spin – verification tool for models of concurrent systems|
spin [ options ] file|
Spin is a tool for analyzing the logical consistency of asynchronous
systems, specifically distributed software, multi–threaded systems,
and communication protocols. A model of the system is specified
in a guarded command language called Promela (process meta language).
This modeling language supports dynamic
creation of processes, nondeterministic case selection, loops,
gotos, local and global variables. It also allows for a concise
specification of logical correctness requirements, including,
but not restricted to requirements expressed in linear temporal
Given a Promela model stored in file, spin can perform interactive,
guided, or random simulations of the system's execution. It can
also generate a C program that performs an exhaustive verification
of the correctness requirements for the system. The main options
supported are as follows. (You can always get a full
list of current options with the command "spin ––").
–e If the specification contains multiple never claims, or ltl properties, compute the synchronous product of all claims and write the result to the standard output.
–f ltl Translate the LTL formula ltl into a never claim.
–h At the end of a simulation run, print the value of the seed that was used for the random number generator. By specifying the same seed with the –n option, the exact run can be repeated later.
–I Show the result of inlining and preprocessing.
–i Perform an interactive simulation, prompting the user at every execution step that requires a nondeterministic choice to be made. The simulation proceeds without user intervention when execution is deterministic.
–jN Skip printing for the first N steps in a simulation run.
–J Reverse the evaluation order for nested unless statements, e.g., to match the way in which Java handles exceptions.
–k file Use the file name file as the trail–file, see also –t.
–l In combination with option –p, include all local variable updates in the output of a simulation run.
–M Produce a message sequence chart in Postscript form for a random simulation or a guided simulation (when combined with –t), for the model in file, and write the result into file.ps. See also option –c.
–m Changes the semantics of send events. Ordinarily, a send action will be (blocked) if the target message buffer is full. With this option a message sent to a full buffer is lost.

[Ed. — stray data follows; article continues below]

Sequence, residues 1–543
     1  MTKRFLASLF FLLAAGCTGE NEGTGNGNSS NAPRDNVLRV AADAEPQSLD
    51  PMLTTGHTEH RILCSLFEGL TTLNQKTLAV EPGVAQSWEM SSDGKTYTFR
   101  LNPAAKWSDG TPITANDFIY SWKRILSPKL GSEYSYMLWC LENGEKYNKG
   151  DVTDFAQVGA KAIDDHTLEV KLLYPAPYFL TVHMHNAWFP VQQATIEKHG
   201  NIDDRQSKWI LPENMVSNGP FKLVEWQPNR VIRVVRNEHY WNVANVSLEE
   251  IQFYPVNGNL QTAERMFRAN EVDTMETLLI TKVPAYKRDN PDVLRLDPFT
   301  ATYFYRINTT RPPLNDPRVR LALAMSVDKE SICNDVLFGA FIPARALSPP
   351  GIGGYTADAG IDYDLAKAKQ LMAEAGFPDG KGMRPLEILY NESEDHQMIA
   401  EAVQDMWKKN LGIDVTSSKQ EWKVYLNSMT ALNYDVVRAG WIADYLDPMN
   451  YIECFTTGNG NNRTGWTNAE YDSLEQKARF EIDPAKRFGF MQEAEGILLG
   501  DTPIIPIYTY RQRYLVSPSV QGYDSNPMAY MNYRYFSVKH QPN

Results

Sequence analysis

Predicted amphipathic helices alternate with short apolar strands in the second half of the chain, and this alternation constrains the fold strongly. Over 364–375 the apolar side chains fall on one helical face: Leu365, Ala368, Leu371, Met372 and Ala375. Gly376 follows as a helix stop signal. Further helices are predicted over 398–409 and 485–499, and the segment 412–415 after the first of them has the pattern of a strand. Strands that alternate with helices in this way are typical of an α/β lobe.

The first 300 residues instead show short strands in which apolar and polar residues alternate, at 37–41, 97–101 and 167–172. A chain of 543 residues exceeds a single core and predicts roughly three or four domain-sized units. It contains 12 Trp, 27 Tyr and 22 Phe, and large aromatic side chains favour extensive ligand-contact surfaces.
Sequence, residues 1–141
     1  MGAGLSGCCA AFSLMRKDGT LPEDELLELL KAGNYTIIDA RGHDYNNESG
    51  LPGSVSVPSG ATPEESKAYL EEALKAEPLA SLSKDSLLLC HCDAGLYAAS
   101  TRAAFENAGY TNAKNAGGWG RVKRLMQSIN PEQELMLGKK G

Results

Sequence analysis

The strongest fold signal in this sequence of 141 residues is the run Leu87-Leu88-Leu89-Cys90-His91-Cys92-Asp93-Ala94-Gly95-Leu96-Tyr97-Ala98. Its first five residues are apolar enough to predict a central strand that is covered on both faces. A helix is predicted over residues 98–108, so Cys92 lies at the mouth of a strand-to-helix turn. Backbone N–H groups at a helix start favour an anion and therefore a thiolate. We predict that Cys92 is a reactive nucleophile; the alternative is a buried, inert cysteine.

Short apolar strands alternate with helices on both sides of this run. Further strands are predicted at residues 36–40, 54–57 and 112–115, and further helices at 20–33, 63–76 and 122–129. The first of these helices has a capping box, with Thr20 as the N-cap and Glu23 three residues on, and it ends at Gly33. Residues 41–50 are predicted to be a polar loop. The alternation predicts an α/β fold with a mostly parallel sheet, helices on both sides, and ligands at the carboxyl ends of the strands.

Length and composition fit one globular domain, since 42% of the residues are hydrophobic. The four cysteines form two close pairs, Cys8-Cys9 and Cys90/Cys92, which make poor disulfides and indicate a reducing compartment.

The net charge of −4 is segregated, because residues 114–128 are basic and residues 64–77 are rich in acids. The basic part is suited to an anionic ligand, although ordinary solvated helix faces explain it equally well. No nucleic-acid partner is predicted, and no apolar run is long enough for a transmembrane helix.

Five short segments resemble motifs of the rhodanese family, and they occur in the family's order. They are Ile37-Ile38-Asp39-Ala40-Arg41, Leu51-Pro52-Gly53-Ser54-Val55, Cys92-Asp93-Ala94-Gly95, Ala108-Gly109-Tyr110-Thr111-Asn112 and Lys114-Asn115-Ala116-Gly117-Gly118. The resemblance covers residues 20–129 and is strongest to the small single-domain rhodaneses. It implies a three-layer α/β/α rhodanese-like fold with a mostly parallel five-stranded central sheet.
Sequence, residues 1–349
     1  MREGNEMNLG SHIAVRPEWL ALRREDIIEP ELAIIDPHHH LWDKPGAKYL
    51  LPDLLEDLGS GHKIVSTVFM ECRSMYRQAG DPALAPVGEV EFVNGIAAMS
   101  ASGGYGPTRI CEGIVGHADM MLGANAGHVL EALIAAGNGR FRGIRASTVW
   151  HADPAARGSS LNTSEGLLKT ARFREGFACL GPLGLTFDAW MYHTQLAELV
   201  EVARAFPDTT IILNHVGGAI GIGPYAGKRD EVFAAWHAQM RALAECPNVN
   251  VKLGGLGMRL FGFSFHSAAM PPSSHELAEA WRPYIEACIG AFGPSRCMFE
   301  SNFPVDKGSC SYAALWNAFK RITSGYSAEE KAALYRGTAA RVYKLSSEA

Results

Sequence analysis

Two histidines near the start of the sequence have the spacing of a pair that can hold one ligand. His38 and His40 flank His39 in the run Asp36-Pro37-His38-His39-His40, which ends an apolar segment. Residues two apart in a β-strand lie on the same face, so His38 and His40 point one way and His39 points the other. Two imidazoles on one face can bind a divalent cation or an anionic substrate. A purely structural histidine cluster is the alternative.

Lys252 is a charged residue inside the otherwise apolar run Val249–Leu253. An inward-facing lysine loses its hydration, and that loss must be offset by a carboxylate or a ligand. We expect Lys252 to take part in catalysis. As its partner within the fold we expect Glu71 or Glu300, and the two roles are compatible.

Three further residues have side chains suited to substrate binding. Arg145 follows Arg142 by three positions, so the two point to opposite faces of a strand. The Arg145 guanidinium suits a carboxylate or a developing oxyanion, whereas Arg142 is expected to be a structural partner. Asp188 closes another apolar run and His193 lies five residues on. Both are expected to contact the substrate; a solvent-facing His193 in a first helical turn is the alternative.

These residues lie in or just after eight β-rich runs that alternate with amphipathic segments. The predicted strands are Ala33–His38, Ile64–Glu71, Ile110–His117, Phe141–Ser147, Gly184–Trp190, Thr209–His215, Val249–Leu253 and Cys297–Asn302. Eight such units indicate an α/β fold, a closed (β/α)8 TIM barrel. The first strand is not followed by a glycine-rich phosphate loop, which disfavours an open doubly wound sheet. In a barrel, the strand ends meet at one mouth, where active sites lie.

–nN Set the seed for a random simulation to the integer value N. There is no space between the –n and the integer N.
–N file Use the never claim stored in file to generate the verified (see –a).
–O Use the original scope rules from pre–Spin version 6.
–oTurn off data–flow optimization ( –o1). Do not hide write–only variables ( –o2 ) during verification. Turn off statement merging ( –o3 ) during verification. Turn on rendezvous optimization ( –o4 ) during verification. Turn on case caching ( –o5 ) to reduce the size of pan.m, but losing accuracy in reachability
–Pxxx Use the command xxx for preprocessing instead of the standard C preprocessor.
–p Include all statement executions in the output of simulation runs.
–qN Suppress the output generated for channel N during simulation runs.
–r Show all message–receive events, giving the name and number of the receiving process and the corresponding the source line number. For each message parameter, show the message type and the message channel number and name.
–s Include all send operations in the output of simulation runs.
–T Do not automatically indent the printf output of process i with i tabs.
–t[N] Perform a guided simulation, following the [Nth] error trail that was produces by an earlier verification run, see the online manuals for the details on verification. By default the error trail is looked for in a file with the same basename as the model, and with extension .trail. See also –k. –v Verbose mode, add some more detail, and generate more hints and warnings about the model.
–V Prints the spin version number and exit.
With only a filename as an argument and no option flags, spin
performs a random simulation of the model specified in the file.
This normally does not generate output, except what is generated
explicitly by the user within the model with printf statements,
and some details about the final state that is reached after the
simulation completes. The group of options –bgilmprstv is used
to set the desired level of information that the user wants about
a random, guided, or interactive simulation run. Every line of
output normally contains a reference to the source line in the
specification that generated it. If option –i is included, the
simulation i interactive, or if option –t or –kfile is added, the
simulation is guided.
G.J. Holzmann, The Spin Model Checker (Primer and Reference Manual), .}f Addison–Wesley, Reading, Mass., 2004.
—, `The model checker Spin,' IEEE Trans. on SE, Vol, 23, No. 5, May 1997.
—, `Design and validation of protocols: a tutorial,' Computer Networks and ISDN Systems, Vol. 25, No. 9, 1993, pp. 981–1017.
—, Design and Validation of Computer Protocols, Prentice Hall, Englewood Cliffs, NJ, 1991.